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HIV seroprevalence, self-reported STIs and associated risk factors among men who have sex with men: a cross-sectional study in Rwanda, 2015
  1. Roman Saba Ntale1,2,3,
  2. Gad Rutayisire1,
  3. Pierre Mujyarugamba1,
  4. Eliah Shema1,
  5. Jane Greatorex2,
  6. Simon David William Frost3,
  7. Pontiano Kaleebu4
  1. 1 Department of Biomedical Laboratory Sciences, College of Medicine and Health Sciences, University of Rwanda, Kigali, Rwanda
  2. 2 Public Health England, Addenbrookes Hospital, University of Cambridge, Cambridge, UK
  3. 3 Department of Veterinary Medicine, University of Cambridge, Cambridge, UK
  4. 4 Uganda Virus Research Institute, Entebbe, Uganda
  1. Correspondence to Dr Simon David William Frost, Department of Veterinary Medicine, University of Cambridge, Cambridge CB3 0ES, UK; sdf22{at}cam.ac.uk

Abstract

Objectives In many populations, men who have sex with men (MSM) are at a high risk of HIV infection. This study aimed to estimate the burden of HIV, other STIs and risk behaviours among Rwandan MSM.

Methods In this cross-sectional study, we recruited through peer referral men aged between 18 and 60 years, who reported sex with men at least once in the 12 months prior to the survey. Representativeness was increased using ‘seeds’ from a variety of sources. Signed informed consent was obtained from all participants. Data on demographics, risk behaviours and self-reported STIs were collected through an interviewer-administered questionnaire. We screened all eligible participants for HIV using the Rwanda-approved protocol for rapid HIV detection.

Results 504 MSM were recruited from five major cities in Rwanda. Participants were mostly young (median age 23 years, range 18–55 years) and unmarried (484/504, 96.0%). Thirteen per cent (65/504) of the participants reported past gonorrhoea and/or syphilis infection. Of 504 MSM, 53 (10.5%) reported they were diagnosed and treated for gonorrhoea in the past 12 months and 24 (4.8%) tested positive for HIV. A high proportion (232/504, 46%) reported receiving payment for sex by a man, with almost half of these reporting on more than three occasions (107/232, 46%). Many reported having had an HIV test within the past 12 months (385/504, 76.4%). In multivariate logistic regression models controlling for age, being paid for sex was associated with higher odds of past STI (OR 3.36 (1.82–6.43]; P<0.001) and testing HIV positive (OR 3.13, P<0.05).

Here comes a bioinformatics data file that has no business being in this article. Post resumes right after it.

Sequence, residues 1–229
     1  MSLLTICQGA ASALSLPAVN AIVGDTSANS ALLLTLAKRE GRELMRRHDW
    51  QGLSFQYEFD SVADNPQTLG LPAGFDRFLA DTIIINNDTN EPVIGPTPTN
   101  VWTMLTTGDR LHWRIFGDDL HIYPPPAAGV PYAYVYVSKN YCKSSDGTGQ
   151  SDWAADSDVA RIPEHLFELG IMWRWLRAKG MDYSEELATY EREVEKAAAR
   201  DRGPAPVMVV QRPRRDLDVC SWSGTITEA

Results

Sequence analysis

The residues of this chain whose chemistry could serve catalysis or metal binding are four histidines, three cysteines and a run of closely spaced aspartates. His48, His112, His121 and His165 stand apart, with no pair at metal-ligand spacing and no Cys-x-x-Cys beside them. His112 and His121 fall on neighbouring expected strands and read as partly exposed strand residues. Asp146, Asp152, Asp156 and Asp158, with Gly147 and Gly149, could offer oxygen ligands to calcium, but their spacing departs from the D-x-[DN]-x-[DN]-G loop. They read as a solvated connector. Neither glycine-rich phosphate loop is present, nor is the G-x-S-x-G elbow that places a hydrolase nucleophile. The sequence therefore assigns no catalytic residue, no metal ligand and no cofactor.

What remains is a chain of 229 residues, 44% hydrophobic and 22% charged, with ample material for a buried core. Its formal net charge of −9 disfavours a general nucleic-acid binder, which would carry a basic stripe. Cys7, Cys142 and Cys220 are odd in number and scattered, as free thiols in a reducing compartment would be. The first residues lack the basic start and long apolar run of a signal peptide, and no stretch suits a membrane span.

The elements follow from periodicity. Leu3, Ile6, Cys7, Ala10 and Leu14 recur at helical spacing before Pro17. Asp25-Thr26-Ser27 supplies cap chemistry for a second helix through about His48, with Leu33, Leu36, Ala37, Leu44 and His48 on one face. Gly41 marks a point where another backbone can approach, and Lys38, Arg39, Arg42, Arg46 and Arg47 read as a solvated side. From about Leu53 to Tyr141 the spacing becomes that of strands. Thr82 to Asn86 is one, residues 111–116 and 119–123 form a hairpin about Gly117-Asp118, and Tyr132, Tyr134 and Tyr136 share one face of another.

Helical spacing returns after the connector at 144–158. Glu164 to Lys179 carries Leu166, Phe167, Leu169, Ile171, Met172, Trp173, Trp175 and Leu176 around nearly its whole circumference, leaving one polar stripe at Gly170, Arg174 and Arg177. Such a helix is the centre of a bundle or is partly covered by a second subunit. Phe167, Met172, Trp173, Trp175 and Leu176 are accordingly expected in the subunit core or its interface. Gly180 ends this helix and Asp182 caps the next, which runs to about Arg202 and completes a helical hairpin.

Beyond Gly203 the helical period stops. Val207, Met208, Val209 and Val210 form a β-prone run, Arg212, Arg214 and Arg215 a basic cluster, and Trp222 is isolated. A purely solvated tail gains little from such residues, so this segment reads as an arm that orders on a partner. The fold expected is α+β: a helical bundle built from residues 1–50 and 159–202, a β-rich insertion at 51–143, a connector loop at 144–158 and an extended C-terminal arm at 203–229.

Conclusion Further research is needed to understand the high rate of payment for sex in this population, which appears to be a major risk factor for STI including HIV.

  • hiv
  • infectious diseases
  • tropical stds
  • neisseria gonorrhoea
  • homosexuality

This is an open access article distributed in accordance with the terms of the Creative Commons Attribution (CC BY 4.0) license, which permits others to distribute, remix, adapt and build upon this work, for commercial use, provided the original work is properly cited. See: http://creativecommons.org/licenses/by/4.0/

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Footnotes

  • Handling editor Jackie A Cassell

  • Contributors RSN conceived and designed the study, supervised data collection, analysed the data, interpreted the results, wrote the first draft of the manuscript and revised the final version of the manuscript. GR, PM and ES supervised data collection, interpreted the results and revised the final version of the manuscript. JG participated in the analysis of the data, interpreted the results and revised the final version of the manuscript. SDWF conceived and designed the study, supervised data collection, performed the statistical analyses, interpreted the results, collaborated with RSN in the writing of the first draft of the manuscript and revised the final version of the manuscript. PK conceived and designed the study, supervised data collection, interpreted the results and revised the final version of the manuscript.

  • Funding This work was supported by Training Health Researchers into Vocational Excellence in East Africa (THRiVE), grant number 087540 funded by the Wellcome Trust. This work was also supported by the University of Rwanda SIDA grant number 51160027 and by an MRC Methodology Research Programme grant (MR/J013862/1) to SF.

  • Competing interests None declared.

  • Patient consent Obtained.

  • Ethics approval University of Rwanda Institutional Review Board (approval number CMHS/IRB/164/2015).

  • Provenance and peer review Not commissioned; externally peer reviewed.

  • Data sharing statement Given the sensitive nature of HIV-related data, we have not made the raw data open access. To obtain a copy of the data and the associated R scripts for statistical analysis, please contact the corresponding author.

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